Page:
“What disaster is that?” Malcolm said, sighing.
“Well,” Hammond said, “they didn’t get free and overrun the world.”
Malcolm sat up on one elbow. “You were worried about that?”
“Surely that’s what was at stake,” Hammond said. “These animals, lacking predators, might get out and destroy the planet.”
“You egomaniacal idiot,” Malcolm said in fury. “Do you have any idea what you are talking about? You think you can destroy the planet? My, what intoxicating power you must have.” Malcolm sank back on the bed. “You can’t destroy this planet. You can’t even come close.”
“Most people believe,” Hammond said stiffly, “that the planet is in jeopardy.”
“Well, it’s not,” Malcolm said.
“All the experts agree that our planet is in trouble.”
Malcolm sighed. “Let me tell you about our planet,” he said. “Our planet is four and a half billion years old. There has been life on this planet for nearly that long. Three point eight billion years. The first bacteria. And, later, the first multicellular animals, then the first complex creatures, in the sea, on the land. Then the great sweeping ages of animals — the amphibians, the dinosaurs, the mammals, each lasting millions upon millions of years. Great dynasties of creatures arising, flourishing, dying away. All this happening against a background of continuous and violent upheaval, mountain ranges thrust up and eroded away, cometary impacts, volcanic eruptions, oceans rising and falling, whole continents moving … Endless, constant and violent change … Even today, the great geographical feature on the planet comes from two great continents colliding, buckling to make the Himalayan mountain range over millions of years. The planet has survived everything, in its time. It will certainly survive us.”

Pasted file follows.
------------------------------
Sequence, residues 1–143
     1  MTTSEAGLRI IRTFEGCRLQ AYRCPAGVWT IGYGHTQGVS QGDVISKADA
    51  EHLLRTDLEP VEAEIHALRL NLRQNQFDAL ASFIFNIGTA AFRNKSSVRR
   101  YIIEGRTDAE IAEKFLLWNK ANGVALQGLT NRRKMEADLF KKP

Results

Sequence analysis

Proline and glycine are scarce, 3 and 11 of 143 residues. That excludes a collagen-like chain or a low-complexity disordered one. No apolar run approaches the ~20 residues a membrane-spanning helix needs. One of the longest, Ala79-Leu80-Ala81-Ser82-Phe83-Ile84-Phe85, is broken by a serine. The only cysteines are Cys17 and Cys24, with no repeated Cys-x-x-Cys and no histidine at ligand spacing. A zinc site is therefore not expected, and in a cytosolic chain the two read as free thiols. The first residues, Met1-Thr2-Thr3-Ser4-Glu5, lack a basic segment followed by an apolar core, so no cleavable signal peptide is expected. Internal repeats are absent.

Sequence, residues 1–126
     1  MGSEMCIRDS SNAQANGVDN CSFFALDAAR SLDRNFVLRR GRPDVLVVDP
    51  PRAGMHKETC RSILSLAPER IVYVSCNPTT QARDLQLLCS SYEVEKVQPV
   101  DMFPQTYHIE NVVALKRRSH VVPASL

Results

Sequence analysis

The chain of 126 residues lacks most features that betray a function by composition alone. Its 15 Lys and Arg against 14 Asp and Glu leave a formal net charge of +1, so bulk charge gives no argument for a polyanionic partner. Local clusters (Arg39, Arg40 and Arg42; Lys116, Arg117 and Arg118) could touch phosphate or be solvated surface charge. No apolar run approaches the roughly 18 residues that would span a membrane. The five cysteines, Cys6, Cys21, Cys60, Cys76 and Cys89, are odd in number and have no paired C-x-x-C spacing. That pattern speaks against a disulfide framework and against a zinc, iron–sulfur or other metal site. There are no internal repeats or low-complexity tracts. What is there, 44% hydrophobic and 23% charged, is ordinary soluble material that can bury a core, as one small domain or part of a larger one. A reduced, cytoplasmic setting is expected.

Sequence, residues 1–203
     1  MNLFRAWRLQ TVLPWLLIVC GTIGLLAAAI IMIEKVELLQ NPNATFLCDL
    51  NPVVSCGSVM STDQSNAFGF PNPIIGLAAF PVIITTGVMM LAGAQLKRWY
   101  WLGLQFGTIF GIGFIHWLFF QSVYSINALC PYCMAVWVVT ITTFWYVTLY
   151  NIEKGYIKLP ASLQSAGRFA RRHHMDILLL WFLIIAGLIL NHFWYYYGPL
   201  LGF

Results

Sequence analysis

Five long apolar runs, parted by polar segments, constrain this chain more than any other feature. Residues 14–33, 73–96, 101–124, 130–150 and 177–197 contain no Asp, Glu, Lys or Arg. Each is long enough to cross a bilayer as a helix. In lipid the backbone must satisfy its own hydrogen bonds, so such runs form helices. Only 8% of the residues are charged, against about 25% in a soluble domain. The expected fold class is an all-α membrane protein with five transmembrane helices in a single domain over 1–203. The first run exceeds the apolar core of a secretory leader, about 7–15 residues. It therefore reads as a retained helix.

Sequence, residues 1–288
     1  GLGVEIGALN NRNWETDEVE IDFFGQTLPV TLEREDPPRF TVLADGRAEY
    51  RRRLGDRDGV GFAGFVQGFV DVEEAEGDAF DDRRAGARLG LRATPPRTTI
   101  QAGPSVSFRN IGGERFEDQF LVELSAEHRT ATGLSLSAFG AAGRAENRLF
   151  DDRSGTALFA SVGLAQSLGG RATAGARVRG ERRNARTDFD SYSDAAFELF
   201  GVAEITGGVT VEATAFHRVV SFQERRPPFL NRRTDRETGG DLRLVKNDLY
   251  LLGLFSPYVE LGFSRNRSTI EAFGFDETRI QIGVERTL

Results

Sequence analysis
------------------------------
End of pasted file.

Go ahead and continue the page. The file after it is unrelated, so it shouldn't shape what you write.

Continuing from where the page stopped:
Hammond looked irritated. “So what is your point? That modern pollutants will be incorporated, too?
“No,” Malcolm said. “My point is that life on earth can take care of itself. In the thinking of a human being, a hundred years is a long time. A hundred years ago, we didn’t have cars and airplanes and computers and vaccines … It was a whole different world. But to the earth, a hundred years is nothing. A million years is nothing. This planet lives and breathes on a much vaster scale. We can’t imagine its slow and powerful rhythms, and we haven’t got the humility to try. We have been residents here for the blink of an eye. If we are gone tomorrow, the earth will not miss us.”
The book leaves us with a cliffhanger ending. A real cliffhanger. Jurassic Park is a riveting cautionary tale about the power and limits of science. Nature fights back because, in the end, we’re just a blip on the earth’s radar.
© 2014 – 2016, Jessica Workman Holland. All rights reserved.